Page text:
Pubdate: Sat, 26 Jan 2008
Source: Hudson/St. Lazare Gazette (CN QU)
Copyright: 2008 Lake of Two Mountains Gazette Ltd.
Author: Paul McTeigue


Every now and then, the problem of teen drug abuse rears its head. The
exact percentage of Hudson teens who use drugs more than three times a
week is open to debate - local drug counselors have told me forty
percent, a local high-school teacher estimated fifty percent, and
various teens themselves have estimated anywhere between forty and
seventy percent. So, a rather safe assumption can be made that half of
our teens have serious drug problems.

And, every now and then, various solutions - early drug education,
more local activities, better transportation - are implemented with,
hopefully, some effect. I believe these initiatives do have a positive
impact and the efforts by many people in this regard are some of the
finest work being done today in our community.

Having lived this situation as a parent, I would like to add my two
cents to the discussion. It is my view that it is the parents who are
a major problem in this situation and therefore it is the parents who
must become a major solution.

Your child will probably try drugs - over ninety percent of our teens
do. It is what you do next when you become aware that your teen has a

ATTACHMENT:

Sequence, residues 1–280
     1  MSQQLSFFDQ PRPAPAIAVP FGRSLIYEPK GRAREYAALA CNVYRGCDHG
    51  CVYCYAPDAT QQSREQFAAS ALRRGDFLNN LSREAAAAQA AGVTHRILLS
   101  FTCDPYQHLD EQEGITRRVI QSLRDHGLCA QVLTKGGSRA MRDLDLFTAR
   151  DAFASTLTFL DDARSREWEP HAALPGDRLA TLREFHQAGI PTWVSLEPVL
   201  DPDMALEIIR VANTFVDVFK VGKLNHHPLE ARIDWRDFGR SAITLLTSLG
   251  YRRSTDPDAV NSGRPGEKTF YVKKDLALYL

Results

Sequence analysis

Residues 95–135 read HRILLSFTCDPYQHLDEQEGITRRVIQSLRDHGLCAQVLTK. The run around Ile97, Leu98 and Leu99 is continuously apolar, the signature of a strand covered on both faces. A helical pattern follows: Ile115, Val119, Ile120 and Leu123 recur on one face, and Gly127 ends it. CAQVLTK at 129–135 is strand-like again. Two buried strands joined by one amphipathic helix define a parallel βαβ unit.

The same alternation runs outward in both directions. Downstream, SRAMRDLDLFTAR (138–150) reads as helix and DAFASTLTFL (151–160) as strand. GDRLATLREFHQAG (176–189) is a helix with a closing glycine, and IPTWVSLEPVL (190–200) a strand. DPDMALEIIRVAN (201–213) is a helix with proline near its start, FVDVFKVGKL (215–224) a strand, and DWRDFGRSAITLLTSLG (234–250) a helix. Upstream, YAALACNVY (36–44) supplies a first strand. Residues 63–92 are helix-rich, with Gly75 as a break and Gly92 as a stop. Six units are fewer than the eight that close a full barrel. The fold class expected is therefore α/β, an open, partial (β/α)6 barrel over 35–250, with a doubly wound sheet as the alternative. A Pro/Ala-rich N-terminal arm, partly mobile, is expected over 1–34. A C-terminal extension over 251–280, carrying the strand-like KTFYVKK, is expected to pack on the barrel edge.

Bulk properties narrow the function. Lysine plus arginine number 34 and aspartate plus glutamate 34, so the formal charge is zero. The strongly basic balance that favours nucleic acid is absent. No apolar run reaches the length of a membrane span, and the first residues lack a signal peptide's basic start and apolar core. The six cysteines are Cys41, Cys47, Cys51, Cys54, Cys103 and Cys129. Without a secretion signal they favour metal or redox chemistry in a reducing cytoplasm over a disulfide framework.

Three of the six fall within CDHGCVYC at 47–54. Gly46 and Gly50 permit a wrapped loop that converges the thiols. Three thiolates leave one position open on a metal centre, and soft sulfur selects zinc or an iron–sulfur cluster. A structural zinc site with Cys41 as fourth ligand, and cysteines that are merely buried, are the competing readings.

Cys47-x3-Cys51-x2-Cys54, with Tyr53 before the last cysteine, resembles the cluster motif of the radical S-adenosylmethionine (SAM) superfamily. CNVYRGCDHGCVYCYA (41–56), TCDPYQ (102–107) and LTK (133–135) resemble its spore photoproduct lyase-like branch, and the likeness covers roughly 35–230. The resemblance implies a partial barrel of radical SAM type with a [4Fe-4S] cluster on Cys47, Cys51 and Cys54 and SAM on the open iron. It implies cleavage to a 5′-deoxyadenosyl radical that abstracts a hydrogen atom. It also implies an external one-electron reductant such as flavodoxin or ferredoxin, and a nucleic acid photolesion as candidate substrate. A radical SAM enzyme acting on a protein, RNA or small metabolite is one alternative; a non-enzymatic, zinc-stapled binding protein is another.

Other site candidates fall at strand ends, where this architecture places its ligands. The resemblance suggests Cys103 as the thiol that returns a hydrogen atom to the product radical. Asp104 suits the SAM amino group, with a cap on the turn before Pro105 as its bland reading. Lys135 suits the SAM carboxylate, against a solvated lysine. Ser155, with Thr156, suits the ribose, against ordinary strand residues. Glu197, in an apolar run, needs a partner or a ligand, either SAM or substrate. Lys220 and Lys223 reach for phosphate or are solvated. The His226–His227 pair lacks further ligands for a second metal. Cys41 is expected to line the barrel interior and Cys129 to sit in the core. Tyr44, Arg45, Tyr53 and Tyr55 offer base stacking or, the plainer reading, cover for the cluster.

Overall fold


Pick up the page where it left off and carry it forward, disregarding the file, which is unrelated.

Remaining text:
problem that will determine how big a disaster you have on your hands.
If you deny there is a problem, if you accept there is a problem but
believe it's just a stage, or if you don't do anything because you
feel powerless, then you will be a major contributor.

Set rules for your teens, get drug tests from the local doctors and
enforce a zero-tolerance policy, setup weekly talks with teachers
concerning grades and behaviour, speak with the parents of your teen's
friends and ensure they are onside, stick around the house more, get
counseling. In short, you have a very small window in which to act as
the slope you are now on is steep and slippery.

Additionally, do not become an enabler to other teens. There are
parents who operate their house like a drop-in centre, believing they
are offering a safe haven when in fact they are one of the prime
causes. Their actions enable teens to escape consequences at home,
therefore destroying any positive efforts done there.

Teen drug abuse is not the eight-hundred pound gorilla in the room -
it is the eight-hundred pound gorilla that sits squarely in the middle
of our town. As a community, we all have roles to play to help the
parents. As parents, the responsibility is ours.

Paul McTeigue
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